Age, race, and place of residence were obtained using a questionnaire, and weight and height were assessed by means of automatic scales and stadiometer. The body mass index was calculated, and overweight status was determined by a body mass index above the 85th percentile for the participants’ age.(17) Blood pressure was measured by oscillometer method using the Omron HEM 742 (Omron, Shangai, China), which was validated for adolescents.(18) All blood pressure measurements were performed in triplicate, on the right arm placed at heart level, with the participant resting in a seated position for 5 minutes, and legs uncrossed. For the analysis, the mean value of the last two measurements was used, and high blood pressure was defined as systolic and/or diastolic blood pressure equal to or higher than the reference gender-, age-, and height-specific 95th percentile.(19)

Heart rate variability analysis

HRV was assessed from the RR intervals obtained by a heart rate monitor (Polar®, RS800CX , USA). The adolescents remained in a supine position with spontaneous breathing for 10 minutes, after approximately 30 minutes of resting in a quiet room, at comfortable temperature. All analyses were performed with Kubios HRV software (Biosignal Analysis and Medical Imaging Group, Joensuu, Finland) by a single evaluator blinded to the other study variables. Intraclass correlation coefficient of this evaluator ranged from 0.990 to 0.993,(20) following the recommendations of the task force for HRV.

The frequency-domain parameters were analyzed using the spectral analysis of HRV. The same stationary periods of the tachogram, lasting for at least 5 minutes, were broken down into bands of LF and HF using AR, with a model order of 12 by Akaike’s information criterion, and the FFT with 50% overlap and window of 256 beats. Frequencies between 0.04 and 0.4Hz were considered physiologically significant and were divided into: LF, between 0.04 and 0.15Hz; and HF, between 0.15 and 0.4Hz. The power of each component was calculated in absolute (ms2) and normalized units (n.u.). Normalization consisted of dividing the power of a given spectral component by the total power, minus the very LF power, and multiplying the result by 100.(2) In order to interpret the results, the components LF and HF were considered, respectively, as markers of predominant sympathetic and parasympathetic modulation on the heart; and the ratio between these bands was considered as a marker of the cardiac sympathovagal balance.(2) In a subsample of 27 adolescents, the reliability of HRV measures was assessed after 1 week. Intraclass correlation coefficient (ICC) ranged from 0.68 to 0.91.(20)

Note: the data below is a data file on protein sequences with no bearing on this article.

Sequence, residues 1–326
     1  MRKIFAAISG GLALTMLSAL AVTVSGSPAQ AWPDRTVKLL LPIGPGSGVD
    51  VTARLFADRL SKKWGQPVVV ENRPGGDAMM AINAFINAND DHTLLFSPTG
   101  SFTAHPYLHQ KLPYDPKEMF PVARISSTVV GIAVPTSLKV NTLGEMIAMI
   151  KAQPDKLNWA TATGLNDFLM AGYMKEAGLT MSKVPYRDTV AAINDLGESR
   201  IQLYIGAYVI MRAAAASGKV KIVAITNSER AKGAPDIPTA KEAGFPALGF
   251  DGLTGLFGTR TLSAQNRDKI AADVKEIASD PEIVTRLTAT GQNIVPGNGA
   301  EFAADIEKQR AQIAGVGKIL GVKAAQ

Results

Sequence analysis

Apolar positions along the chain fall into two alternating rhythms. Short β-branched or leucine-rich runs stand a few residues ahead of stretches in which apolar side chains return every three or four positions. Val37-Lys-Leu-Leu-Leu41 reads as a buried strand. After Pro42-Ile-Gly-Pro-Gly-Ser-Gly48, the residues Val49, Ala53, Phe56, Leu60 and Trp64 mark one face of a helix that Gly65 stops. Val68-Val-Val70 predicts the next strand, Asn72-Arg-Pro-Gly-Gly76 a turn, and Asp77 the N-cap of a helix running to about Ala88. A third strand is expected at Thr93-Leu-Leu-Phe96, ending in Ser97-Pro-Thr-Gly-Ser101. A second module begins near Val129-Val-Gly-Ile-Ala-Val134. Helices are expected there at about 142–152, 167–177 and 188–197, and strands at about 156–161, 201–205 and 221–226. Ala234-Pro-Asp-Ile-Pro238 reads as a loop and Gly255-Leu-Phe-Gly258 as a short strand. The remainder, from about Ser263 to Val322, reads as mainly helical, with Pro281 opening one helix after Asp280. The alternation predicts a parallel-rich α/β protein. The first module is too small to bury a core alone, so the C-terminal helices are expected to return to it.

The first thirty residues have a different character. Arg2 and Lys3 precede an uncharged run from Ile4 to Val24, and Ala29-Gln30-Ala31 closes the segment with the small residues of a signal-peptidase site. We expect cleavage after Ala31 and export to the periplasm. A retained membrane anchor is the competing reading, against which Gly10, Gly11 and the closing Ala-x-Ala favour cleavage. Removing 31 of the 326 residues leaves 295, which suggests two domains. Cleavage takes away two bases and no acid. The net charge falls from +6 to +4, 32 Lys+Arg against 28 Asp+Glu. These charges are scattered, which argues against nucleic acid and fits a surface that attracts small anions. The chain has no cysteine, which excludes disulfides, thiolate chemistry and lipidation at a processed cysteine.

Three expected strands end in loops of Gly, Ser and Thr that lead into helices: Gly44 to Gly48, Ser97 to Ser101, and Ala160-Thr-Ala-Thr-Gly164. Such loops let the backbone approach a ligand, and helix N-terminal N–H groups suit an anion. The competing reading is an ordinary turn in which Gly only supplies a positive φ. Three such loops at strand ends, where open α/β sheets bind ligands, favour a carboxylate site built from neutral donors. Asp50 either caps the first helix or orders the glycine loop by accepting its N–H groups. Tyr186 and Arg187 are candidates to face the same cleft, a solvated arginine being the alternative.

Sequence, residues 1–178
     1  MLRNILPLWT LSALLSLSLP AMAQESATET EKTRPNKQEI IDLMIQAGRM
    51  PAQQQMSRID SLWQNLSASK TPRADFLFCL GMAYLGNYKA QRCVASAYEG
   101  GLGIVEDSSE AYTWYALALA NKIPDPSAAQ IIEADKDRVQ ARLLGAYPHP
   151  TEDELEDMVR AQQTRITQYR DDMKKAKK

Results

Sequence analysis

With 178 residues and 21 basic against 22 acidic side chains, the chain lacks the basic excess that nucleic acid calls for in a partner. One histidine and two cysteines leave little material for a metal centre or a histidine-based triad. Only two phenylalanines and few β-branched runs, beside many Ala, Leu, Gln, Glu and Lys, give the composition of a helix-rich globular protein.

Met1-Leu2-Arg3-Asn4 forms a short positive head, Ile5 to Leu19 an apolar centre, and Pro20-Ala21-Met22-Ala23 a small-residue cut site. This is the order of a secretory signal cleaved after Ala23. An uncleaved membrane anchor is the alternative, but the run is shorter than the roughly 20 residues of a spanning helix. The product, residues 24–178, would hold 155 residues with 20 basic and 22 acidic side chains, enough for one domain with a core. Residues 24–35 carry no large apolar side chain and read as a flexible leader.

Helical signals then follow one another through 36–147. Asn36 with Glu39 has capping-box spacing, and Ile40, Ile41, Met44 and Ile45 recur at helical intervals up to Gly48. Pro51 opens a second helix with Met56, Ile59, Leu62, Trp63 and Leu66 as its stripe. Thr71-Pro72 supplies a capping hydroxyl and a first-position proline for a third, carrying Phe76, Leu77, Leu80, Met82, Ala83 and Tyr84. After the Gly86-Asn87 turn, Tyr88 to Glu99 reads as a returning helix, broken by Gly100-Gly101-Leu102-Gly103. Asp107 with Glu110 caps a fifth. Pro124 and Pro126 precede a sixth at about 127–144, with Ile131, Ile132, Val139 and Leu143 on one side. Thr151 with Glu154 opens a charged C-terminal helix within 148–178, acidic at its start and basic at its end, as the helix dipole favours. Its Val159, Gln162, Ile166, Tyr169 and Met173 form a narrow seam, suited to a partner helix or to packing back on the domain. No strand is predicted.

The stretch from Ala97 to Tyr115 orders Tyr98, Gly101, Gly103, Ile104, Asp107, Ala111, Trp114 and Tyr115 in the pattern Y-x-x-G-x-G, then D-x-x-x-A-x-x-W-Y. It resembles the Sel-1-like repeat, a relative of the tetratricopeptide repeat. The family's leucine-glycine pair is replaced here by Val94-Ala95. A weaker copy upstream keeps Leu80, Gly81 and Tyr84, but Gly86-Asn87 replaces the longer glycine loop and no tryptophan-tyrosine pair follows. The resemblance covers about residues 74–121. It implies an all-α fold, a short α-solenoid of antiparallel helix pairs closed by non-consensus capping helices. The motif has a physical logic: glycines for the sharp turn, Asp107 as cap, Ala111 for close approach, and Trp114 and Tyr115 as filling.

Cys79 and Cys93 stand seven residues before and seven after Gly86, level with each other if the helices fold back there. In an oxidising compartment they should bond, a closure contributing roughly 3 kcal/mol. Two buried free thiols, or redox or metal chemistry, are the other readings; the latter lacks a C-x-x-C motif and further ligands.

Statistical analysis

Paired t-test was used for comparison of HRV parameters using FFT and AR methods. Effect sizes were calculated to estimate the magnitude of quantitative differences between both methods. The reproducibility of HRV parameters using FFT and AR methods was performed by the ICC and coefficient of variation. Pearson correlation was used to analyze the relationship between the HRV parameters (based on FFT and AR methods) and the cardiovascular risk factors.